Jack Cline is dying of leukemia that he says he got from exposure to benzene at his factory job. In most states, he would be able to sue the companies that made the benzene and let a jury decide if the company is responsible. But Alabama’s all-Republican, wildly pro-business Supreme Court threw out his case.

Alabama law requires people exposed to dangerous chemicals to wait until a “manifest” injury develops.” But when Mr. Cline’s leukemia developed years later, it was too late. Alabama’s statute of limitations requires that suits be brought within two years of exposure. In a ruling that defies any definition of justice, the court held that there was never a valid time for Mr. Cline to sue. If he had sued when he was exposed to the benzene, it would have been too early waiting for the diagnosis of leukemia was too late.
In the face of such harsh and absurd reasoning, Mr. Cline’s attorney, Mr. Palmer, started a statewide campaign, letters to the editors of all major papers and a petition drive, prompting the court to take the extraordinary move of reopening the case. New arguments were heard last spring.
Mr. Palmer argued that preventing him from ever suing denied him his rights under the Alabama Constitution to seek a legal remedy for his injuries.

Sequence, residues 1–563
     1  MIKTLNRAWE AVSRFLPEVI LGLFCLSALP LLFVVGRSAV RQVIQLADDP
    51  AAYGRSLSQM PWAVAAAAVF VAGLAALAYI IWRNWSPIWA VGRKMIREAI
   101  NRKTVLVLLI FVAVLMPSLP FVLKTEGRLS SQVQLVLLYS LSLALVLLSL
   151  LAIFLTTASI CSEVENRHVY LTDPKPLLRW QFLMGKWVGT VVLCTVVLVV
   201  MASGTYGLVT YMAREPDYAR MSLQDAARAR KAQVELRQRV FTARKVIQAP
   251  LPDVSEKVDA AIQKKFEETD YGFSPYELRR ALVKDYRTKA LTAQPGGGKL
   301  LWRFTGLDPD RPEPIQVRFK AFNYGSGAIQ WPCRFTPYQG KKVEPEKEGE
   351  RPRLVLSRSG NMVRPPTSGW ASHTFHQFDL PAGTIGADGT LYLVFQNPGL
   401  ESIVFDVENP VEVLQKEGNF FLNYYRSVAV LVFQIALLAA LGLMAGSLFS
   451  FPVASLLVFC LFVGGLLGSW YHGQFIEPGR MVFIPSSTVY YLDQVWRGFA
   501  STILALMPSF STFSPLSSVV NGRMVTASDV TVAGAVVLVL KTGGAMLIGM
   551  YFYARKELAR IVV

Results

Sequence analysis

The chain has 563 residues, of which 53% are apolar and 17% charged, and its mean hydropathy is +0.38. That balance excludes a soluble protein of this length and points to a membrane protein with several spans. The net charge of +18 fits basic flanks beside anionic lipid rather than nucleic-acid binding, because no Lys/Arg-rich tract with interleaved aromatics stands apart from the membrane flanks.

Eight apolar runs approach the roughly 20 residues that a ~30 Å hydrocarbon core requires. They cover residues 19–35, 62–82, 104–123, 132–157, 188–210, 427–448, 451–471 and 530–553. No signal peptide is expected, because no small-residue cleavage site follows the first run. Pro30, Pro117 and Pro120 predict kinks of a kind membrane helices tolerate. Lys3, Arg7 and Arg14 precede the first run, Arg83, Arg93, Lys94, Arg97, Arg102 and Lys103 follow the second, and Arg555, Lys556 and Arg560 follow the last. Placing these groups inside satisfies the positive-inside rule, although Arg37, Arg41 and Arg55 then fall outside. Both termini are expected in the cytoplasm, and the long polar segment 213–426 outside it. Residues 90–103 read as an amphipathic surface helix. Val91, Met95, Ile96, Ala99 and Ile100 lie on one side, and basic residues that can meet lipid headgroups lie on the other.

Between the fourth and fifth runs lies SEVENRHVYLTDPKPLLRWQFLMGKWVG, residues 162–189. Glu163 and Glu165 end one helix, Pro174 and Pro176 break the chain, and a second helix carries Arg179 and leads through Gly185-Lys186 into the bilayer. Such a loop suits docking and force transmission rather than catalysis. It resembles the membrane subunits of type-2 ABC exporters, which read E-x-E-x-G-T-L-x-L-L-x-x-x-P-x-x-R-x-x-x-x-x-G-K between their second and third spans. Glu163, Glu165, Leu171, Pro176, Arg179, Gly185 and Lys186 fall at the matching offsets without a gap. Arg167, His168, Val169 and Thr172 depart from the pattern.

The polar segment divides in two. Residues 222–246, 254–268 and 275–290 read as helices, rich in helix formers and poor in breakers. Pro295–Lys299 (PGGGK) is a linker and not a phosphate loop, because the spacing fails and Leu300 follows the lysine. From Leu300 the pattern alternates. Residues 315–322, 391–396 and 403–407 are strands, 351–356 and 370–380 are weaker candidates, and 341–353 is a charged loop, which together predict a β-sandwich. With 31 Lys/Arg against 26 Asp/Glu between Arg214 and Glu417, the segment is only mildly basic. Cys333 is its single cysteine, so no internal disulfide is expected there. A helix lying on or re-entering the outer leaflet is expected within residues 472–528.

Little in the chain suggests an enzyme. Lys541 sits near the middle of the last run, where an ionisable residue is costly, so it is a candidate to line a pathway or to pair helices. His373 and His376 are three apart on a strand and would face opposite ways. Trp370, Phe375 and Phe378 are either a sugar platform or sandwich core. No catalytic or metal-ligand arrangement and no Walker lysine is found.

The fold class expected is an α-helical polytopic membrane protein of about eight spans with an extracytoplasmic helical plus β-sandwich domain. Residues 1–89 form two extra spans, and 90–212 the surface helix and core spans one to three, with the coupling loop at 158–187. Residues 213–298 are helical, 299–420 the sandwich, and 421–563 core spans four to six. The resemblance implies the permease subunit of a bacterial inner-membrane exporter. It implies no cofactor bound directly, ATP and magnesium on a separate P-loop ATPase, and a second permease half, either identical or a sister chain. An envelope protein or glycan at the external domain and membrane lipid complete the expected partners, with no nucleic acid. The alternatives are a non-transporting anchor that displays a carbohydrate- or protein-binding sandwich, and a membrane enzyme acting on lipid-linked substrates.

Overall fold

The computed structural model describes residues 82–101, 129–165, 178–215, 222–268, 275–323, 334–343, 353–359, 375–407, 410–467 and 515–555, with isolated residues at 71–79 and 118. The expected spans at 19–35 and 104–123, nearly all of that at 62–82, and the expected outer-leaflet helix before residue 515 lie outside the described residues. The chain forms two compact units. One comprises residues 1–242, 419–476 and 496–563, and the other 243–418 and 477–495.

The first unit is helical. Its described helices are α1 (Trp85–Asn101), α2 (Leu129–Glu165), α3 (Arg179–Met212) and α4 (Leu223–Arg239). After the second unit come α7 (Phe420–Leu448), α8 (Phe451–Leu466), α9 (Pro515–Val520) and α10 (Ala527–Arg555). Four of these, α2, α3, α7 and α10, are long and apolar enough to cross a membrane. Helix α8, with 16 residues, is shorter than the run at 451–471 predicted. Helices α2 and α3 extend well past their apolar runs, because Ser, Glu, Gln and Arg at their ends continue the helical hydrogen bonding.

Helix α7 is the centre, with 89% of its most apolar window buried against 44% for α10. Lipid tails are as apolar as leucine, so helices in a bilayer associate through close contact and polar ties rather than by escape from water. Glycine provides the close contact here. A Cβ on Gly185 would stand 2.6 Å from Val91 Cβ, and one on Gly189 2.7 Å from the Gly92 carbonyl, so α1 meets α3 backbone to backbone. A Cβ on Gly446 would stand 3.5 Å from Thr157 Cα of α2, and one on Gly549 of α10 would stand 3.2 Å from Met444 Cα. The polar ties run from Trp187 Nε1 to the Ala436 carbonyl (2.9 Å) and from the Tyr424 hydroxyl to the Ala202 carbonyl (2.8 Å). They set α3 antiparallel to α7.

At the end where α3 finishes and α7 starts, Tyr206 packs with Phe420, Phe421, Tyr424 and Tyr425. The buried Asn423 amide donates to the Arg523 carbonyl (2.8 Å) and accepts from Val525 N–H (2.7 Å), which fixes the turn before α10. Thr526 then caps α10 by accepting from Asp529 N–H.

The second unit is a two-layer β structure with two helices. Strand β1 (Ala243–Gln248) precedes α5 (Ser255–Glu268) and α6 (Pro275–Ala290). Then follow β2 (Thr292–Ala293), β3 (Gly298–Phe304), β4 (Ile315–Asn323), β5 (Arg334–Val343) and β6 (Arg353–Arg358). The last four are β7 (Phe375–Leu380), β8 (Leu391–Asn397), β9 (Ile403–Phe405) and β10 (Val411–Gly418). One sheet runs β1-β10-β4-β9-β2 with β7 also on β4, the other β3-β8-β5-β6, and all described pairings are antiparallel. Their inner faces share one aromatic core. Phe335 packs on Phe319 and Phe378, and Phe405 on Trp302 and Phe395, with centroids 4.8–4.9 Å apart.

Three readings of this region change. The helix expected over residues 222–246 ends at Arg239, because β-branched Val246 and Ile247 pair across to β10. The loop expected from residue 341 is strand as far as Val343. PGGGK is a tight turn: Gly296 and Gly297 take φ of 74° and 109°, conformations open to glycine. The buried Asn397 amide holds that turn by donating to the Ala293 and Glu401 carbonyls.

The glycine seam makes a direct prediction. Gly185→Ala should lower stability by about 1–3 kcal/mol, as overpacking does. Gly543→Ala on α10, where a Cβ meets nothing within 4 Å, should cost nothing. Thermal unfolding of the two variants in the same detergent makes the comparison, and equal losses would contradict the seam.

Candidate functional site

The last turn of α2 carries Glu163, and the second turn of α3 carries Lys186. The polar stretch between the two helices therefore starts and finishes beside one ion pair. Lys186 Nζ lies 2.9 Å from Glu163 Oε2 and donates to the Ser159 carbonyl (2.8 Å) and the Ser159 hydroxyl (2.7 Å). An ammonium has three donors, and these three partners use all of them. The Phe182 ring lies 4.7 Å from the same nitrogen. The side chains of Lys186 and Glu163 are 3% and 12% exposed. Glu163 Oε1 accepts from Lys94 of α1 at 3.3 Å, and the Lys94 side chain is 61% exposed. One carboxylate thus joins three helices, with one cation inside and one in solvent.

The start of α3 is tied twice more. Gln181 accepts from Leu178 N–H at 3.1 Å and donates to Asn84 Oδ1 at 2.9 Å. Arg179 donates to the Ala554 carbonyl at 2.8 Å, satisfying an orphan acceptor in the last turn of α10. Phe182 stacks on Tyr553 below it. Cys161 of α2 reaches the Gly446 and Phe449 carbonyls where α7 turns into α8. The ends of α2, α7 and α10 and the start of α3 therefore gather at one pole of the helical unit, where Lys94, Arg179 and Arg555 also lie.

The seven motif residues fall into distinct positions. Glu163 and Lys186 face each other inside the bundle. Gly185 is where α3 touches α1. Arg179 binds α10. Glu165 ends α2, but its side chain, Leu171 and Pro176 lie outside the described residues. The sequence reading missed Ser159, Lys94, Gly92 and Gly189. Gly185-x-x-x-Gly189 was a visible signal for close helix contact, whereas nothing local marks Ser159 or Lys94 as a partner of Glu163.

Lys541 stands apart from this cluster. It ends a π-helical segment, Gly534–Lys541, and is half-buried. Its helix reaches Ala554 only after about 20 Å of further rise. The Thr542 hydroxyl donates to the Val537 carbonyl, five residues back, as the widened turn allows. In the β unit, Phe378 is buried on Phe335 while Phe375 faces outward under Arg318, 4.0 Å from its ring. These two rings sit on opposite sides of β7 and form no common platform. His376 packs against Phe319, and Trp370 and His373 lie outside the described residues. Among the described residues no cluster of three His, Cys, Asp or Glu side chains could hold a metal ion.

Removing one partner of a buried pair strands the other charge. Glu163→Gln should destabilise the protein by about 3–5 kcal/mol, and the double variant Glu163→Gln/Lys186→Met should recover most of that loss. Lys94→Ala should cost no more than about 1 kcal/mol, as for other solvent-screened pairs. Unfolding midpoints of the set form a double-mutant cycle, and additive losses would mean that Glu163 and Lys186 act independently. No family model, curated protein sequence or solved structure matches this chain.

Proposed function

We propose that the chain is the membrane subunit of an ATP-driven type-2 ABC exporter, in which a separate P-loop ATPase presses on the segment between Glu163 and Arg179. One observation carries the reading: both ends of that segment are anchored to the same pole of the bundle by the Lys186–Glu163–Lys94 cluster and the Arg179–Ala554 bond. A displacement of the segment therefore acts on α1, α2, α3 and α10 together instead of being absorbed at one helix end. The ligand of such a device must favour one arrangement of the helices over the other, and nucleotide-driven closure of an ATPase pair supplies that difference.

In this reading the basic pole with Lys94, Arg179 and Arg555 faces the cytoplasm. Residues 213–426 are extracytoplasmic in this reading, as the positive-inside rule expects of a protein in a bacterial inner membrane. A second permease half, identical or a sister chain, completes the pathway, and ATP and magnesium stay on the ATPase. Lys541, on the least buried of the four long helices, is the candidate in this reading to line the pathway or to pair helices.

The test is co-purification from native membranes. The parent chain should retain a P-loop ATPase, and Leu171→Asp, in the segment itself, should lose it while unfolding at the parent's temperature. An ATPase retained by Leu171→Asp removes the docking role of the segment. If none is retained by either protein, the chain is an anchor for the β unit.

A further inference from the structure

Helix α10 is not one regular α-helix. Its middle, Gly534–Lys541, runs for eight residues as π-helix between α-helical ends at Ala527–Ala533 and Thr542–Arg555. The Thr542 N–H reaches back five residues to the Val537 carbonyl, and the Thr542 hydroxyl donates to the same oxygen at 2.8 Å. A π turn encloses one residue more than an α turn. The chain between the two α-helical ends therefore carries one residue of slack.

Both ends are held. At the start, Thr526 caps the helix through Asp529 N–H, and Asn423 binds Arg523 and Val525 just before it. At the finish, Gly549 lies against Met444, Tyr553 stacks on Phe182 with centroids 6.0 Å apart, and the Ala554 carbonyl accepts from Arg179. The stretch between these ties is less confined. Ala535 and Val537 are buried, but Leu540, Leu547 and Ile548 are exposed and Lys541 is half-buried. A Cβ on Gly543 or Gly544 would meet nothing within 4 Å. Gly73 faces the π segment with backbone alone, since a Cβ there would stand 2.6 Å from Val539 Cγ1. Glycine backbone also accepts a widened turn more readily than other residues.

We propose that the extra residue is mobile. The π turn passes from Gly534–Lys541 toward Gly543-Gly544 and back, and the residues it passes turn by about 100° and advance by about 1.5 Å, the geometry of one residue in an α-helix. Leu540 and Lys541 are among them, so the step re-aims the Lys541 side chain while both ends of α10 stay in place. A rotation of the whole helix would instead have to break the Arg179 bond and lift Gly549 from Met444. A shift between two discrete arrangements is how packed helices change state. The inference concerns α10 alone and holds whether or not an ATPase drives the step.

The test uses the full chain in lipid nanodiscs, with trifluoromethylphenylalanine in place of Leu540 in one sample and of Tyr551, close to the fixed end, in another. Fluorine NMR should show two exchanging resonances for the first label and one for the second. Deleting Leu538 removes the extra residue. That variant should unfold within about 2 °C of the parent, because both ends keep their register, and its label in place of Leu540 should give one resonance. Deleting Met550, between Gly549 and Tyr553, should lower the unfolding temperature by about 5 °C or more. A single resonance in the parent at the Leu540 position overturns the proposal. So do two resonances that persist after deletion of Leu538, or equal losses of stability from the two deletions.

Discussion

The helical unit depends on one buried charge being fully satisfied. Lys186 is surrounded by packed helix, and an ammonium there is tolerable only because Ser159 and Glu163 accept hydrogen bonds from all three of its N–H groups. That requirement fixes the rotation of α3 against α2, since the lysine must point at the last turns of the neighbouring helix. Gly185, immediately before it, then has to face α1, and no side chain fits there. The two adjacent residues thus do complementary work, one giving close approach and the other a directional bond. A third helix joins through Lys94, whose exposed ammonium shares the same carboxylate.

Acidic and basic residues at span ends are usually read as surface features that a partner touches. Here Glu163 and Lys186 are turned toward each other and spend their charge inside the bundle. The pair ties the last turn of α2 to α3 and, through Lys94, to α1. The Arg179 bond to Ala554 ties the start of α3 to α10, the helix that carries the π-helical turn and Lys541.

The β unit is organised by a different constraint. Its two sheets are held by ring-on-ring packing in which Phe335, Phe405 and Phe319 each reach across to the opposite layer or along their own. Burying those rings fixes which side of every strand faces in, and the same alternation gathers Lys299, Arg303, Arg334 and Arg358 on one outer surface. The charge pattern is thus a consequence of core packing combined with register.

Mr. Palmer was encouraged when the Alabama Supreme Court reopened the case. The court scheduled oral arguments for a special public session on a law school campus, an indication it considered the case particularly significant. Legal analysts thought the arguments went well. “Questions asked by several justices indicated they were troubled by the legal Catch-22,” The Birmingham News reported.
The court ruled this month. It affirmed the dismissal of Mr. Cline’s case by a 5-to-4 vote. If Mr. Cline wanted to challenge the unfairness of the rules, the court held, he would have to take it up with the State Legislature — a body described by a recent The New York Times op-ed piece as “every bit as pro-business as the Alabama Supreme Court.”
However, Mr. Palmer plans to ask the United States Supreme Court to hear the case on the constitutionality argument. Perhaps in the nation’s greatest Hall of Justice, an individual may find redress from the ruling that there was never a time when he would have had the right to file his claim.
To read the entire New York Times op-ed piece, which presents a strong argument against current pro-business “tort reform” measures, read “They Say We Have Too Many Lawsuits? Tell It to Jack Cline.”

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